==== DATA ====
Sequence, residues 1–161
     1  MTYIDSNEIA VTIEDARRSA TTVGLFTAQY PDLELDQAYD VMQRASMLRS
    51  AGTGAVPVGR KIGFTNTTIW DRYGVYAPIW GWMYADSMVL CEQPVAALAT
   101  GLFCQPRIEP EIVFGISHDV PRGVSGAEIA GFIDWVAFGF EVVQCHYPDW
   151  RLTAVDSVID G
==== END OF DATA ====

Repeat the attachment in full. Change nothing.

Sequence, residues 1–161
     1  MTYIDSNEIA VTIEDARRSA TTVGLFTAQY PDLELDQAYD VMQRASMLRS
    51  AGTGAVPVGR KIGFTNTTIW DRYGVYAPIW GWMYADSMVL CEQPVAALAT
   101  GLFCQPRIEP EIVFGISHDV PRGVSGAEIA GFIDWVAFGF EVVQCHYPDW
   151  RLTAVDSVID G